post #27 of 37
Quote:
Originally Posted by 1babysmom View Post

 

However, I think it's similar at public school.  Great teachers can produce great students, bad teachers can create a miserable experiences for students throughout the rest of their public school experience.  My hubby- the homeschooled one- is actually a public school math teacher (though he's not working as one right now since his EMS job pays much better and it's not something he will likely do for the rest of his life so he's doing it now :) ).  I think his perspective is so valuable, because he has a really objective view on school, but has also experienced both homeschool and public school.  

 

 

I am a public school teacher (currently) and I choose to homeschool BECAUSE I'm a public school teacher. I used to have the belief that if I taught public school then that's where my kids belonged.  However, after working a tiny bit  (like 10-20 min. per day) with my daughter the summer before Kindergarten and then sending  her to Kindergarten where I realized that the teacher (like all teachers) could not work with 18 kids of 18 different levels. Her teacher was awesome. She did everything we were told to do in workshops we attended and she would have gotten National Board Certification on the first try if her practices had anything to with it.  However, no teacher is superhuman.  They can't do the impossible.  There is nothing like one on one attention and someone who loves you like only a parent can.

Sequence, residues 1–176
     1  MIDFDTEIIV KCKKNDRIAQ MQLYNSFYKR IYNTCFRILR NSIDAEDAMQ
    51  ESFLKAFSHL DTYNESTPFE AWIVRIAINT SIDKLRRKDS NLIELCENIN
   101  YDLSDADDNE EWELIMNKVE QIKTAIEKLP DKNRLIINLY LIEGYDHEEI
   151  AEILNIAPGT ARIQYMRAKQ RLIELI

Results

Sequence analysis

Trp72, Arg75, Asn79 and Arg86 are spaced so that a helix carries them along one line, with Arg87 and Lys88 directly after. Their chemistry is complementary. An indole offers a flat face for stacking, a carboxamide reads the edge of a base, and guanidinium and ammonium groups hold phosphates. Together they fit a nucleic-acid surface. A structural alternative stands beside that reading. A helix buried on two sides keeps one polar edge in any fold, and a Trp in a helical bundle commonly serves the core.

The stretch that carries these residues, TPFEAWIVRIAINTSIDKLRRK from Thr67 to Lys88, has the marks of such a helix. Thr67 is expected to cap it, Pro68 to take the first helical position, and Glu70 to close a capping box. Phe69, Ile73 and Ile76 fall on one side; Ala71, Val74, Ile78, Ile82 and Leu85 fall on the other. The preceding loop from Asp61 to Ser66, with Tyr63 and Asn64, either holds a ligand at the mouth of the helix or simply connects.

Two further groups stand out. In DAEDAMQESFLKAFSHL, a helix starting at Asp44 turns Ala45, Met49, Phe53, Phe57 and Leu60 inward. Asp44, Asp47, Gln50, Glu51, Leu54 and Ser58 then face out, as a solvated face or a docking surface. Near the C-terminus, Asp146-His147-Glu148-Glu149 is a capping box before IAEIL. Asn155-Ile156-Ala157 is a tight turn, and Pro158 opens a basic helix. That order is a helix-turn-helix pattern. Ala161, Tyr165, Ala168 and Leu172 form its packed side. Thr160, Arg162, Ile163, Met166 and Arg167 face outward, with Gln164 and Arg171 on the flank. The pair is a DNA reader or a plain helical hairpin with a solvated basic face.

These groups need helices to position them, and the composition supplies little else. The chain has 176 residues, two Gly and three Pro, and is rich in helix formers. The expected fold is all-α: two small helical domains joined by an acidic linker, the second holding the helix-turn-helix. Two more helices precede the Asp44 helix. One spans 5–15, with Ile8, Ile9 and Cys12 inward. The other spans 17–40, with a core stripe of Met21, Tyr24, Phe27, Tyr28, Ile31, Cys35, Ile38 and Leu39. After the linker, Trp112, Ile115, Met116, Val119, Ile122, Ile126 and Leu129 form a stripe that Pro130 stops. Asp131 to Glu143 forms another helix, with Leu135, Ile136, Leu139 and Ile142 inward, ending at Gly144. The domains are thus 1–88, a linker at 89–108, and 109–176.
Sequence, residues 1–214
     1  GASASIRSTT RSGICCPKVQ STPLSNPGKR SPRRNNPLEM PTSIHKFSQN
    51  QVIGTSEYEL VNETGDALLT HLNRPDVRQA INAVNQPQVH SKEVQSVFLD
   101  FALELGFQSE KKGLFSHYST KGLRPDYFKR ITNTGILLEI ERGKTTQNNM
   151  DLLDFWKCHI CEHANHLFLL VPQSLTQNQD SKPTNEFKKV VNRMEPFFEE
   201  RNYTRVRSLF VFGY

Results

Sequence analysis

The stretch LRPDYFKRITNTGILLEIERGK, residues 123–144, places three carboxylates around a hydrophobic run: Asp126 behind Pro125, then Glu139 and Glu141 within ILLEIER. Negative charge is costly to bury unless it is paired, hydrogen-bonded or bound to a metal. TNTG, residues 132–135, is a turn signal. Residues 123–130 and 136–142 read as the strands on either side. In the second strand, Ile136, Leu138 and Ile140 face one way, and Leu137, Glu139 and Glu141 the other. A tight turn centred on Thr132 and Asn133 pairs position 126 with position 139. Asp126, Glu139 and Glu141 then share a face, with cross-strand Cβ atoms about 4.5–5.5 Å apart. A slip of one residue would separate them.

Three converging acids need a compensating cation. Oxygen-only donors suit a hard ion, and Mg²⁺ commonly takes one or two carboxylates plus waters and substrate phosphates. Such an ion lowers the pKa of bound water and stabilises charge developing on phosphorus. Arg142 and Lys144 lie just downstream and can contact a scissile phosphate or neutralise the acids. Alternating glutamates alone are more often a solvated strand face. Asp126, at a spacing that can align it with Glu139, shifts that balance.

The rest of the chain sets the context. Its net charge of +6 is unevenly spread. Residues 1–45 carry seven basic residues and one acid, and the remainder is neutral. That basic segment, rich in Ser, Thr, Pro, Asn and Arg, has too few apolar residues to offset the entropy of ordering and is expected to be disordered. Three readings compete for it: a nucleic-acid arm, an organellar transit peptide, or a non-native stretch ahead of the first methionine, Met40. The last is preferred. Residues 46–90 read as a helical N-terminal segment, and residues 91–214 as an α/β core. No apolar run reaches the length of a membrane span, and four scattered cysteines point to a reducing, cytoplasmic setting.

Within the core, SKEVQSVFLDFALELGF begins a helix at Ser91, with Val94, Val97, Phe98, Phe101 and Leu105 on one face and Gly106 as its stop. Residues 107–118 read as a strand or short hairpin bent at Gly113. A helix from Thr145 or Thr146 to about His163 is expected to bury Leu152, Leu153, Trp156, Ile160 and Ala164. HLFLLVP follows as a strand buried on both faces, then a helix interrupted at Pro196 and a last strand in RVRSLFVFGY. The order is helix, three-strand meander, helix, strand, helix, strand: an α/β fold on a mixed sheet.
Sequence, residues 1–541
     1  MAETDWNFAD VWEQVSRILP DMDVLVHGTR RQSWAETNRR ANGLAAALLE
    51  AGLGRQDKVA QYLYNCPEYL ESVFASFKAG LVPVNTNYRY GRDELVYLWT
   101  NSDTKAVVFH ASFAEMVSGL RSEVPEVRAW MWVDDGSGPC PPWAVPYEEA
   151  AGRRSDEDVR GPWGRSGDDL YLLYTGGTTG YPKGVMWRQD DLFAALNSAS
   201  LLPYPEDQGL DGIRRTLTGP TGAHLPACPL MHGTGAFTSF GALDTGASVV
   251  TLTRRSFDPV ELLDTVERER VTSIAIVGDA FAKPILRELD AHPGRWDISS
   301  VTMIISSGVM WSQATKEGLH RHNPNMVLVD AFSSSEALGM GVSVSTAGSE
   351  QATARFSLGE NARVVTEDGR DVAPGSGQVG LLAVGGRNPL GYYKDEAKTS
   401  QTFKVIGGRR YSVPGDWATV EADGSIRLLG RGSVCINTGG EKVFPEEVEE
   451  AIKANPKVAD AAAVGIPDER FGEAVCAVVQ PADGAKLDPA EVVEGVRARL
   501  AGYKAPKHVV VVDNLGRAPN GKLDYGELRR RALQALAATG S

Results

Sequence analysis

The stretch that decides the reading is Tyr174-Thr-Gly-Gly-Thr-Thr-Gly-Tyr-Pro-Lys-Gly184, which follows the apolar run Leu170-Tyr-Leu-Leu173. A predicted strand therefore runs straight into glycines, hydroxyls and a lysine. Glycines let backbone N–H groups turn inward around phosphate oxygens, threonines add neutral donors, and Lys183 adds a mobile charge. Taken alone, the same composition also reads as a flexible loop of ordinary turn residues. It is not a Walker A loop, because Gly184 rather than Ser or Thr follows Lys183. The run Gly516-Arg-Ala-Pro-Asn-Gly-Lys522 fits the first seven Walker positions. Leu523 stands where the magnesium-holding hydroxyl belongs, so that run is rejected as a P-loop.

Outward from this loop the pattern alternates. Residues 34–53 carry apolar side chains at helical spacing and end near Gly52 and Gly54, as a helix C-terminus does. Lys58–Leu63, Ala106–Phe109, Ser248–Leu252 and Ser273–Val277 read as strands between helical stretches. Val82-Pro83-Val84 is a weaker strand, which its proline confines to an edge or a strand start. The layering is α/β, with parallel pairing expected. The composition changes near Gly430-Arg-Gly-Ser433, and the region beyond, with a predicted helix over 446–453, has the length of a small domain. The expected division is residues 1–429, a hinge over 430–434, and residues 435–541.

post #28 of 37
Quote:
Originally Posted by 1babysmom View Post

 

but I know a lot of people who homeschool to "shelter" their children.  Sure, keeping them from the things of this world- especially in this day and age- while they are little sponges, soaking up EVERYTHING, and being able to better monitor what they are exposed to while they are young is one thing (and I'm all for that because we think it's very important).  BUT...I know a fair number of parents- mostly those with older/grown children now- who took the sheltering aspect too far and I can absolutely see how that has affected them.  I definitely think it's like you guys mentioned- awkward parenting = awkward outcomes, and awesome parenting = awesome outcomes. (not guarantees either way, obviously LOL)

 

YES! I think this is exactly the problem I see most of the time - your kids are going to grow up eventually and have to deal with people besides you, you can't keep them from that forever. Those  are the kids that stand out and give homeschooling a bad name (and why people assume socialization is always a problem).